This is part 2 of a 10 part “how to” series covering the points in the infographic below.
“Employees stay when they are mentored, huh? Well I don’t know what that is, how to do it, or how to find time to do it even if I knew what it was!”
Whew. Okay. Let’s take this one step at a time.
First of all, you may already be doing a form of informal mentoring with your employees, although some will say the TRUE mentoring relationship is outside of the boundaries of a leader/employee relationship. Either way, the concepts of mentoring are pretty straightforward, and when applied, can be great tools to help employees learn more about themselves and to grow professionally.
Here is the definition of a mentor: to advise or train someone, especially a younger colleague.
Like I said, you are probably doing that already in some form or fashion. How a traditional mentor/mentee relationship differs from that of a leader/employee is that often the mentor is not the employee’s direct supervisor. They are more of an adviser who helps the mentee/employee develop skills, attitudes and relationships in the workplace.
Again, unlike a leader, a mentor is not supposed to tell an employee (their mentee) what to do. A leader may assign a task or give direction, and the employee is expected to carry out that task. However when a mentor meets with a mentee, it’s more about discussing situations, the mentor listening for developmental clues, then offering advice based on experience. It’s up to the mentee to choose the most appropriate course of action.
A big part of the mentoring relationship is giving the mentee a sounding board, a confidant, a more experienced staff member who can guide them through the employee experience. Many companies have assigned new leaders a mentor to help them develop the necessary leadership skills. Some companies mentor everyone… you have to decide what’s right for you.
Setting up a mentoring program doesn’t have to be as daunting as it sounds. An important first step would be finding out if you have good mentors in your organization. Even a small company has managers for different areas that can serve as mentors for other areas. The question is, are those people equipped to listen, to guide, and to develop the people they are mentoring? Here is an article about 11 Must Have Qualities for a Mentor.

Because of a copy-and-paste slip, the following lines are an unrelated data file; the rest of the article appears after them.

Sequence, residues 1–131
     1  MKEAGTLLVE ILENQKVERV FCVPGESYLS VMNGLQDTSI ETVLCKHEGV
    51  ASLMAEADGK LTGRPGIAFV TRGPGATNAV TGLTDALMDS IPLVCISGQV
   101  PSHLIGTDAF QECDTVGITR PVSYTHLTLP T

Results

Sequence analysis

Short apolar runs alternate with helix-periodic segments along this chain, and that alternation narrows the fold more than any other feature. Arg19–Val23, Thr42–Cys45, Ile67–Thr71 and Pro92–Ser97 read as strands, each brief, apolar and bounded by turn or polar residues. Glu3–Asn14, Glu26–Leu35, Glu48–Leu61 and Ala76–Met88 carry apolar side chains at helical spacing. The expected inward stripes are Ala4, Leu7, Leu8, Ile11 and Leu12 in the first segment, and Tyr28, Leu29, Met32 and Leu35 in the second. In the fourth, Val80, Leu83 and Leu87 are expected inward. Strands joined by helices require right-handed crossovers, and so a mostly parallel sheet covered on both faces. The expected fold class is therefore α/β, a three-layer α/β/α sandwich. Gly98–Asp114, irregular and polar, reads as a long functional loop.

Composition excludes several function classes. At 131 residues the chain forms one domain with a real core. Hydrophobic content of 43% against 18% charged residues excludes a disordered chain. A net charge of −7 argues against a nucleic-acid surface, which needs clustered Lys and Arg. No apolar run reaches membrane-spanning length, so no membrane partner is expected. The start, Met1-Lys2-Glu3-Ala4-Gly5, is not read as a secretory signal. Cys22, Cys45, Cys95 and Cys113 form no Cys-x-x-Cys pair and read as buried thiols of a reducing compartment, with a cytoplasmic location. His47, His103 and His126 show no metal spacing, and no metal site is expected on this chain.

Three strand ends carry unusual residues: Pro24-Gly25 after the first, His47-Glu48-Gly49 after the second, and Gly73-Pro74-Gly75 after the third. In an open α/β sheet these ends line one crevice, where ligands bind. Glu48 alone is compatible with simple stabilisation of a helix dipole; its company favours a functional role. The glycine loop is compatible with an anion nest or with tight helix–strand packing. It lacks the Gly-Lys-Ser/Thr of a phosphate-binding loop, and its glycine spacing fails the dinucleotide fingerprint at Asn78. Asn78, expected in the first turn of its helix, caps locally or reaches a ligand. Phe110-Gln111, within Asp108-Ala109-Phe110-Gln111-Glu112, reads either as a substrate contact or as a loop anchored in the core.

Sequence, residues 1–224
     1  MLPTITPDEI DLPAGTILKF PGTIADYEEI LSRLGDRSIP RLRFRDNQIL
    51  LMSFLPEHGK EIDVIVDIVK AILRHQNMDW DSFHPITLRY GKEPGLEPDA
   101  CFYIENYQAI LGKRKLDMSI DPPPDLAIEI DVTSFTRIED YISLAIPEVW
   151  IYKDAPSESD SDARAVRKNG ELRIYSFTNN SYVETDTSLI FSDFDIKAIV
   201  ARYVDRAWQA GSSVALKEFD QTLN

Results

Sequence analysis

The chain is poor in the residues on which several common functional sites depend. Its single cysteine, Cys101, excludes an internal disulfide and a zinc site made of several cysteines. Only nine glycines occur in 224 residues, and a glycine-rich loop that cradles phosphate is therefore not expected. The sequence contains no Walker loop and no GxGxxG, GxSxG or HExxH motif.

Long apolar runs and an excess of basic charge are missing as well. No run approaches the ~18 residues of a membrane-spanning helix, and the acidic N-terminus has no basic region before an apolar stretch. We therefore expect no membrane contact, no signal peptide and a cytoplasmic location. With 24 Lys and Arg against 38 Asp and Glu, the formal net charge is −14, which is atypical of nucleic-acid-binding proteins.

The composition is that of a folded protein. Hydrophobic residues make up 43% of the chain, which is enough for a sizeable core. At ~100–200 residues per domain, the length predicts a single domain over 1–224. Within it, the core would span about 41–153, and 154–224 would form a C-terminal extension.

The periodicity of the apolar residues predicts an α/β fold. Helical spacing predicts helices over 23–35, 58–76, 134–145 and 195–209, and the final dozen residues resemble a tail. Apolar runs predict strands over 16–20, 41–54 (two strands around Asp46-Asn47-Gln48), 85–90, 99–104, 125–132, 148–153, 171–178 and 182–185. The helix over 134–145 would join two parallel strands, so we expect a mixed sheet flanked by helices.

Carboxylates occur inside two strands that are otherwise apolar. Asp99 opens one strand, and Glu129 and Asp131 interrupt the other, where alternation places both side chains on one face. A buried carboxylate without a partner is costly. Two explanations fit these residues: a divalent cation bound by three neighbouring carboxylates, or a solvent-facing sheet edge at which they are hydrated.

Even with those qualities, it’s a good idea to specifically outline what a mentor/mentee meeting might look like, what should be covered, and what sort of outcomes you should expect. Ensure that your chosen mentors are on board with your plan, otherwise your results will be disappointing.
Once you have your mentors, it’s time to pair them with a mentee. Not everyone gels, so you really have to take both of their personalities into account. It’s probably good to set the expectation that if either the mentor or mentee don’t think the relationship is working out, they can ask to be re-paired at any time.
And of course, you have to set aside a time to meet. You don’t want to overburden the mentor, but you also don’t want the mentee to think they were forgotten. Depending on the relationship and desired outcome, a 30-60 minute meeting every other week or so is usually a good start.
Before you do ANY of this, though, you’ll really want to think about whether a mentoring program is right for you and who should participate. Maybe you start off small to get your feet wet and see how it goes. Better to start small and build than to bite off more than you can chew and choke.
In essence, a mentoring program can help mentees (employees) develop needed skills while also providing them a way to discuss issues and get valuable feedback. To learn more about some of the other things to consider when setting up a mentoring program, click here.
Next up: Challenged
Thanks for reading!
About the author – After 20+ years in hospitality leadership and human resources, Matt Heller founded Performance Optimist Consulting in 2011 with one simple goal: Help Leaders Lead. Matt now works with attractions large and small and leaders at all levels to help them improve leadership competencies, customer service, employee motivation and teamwork. His book, “The Myth of Employee Burnout” was released in 2013 has become a go-to resource among industry leaders.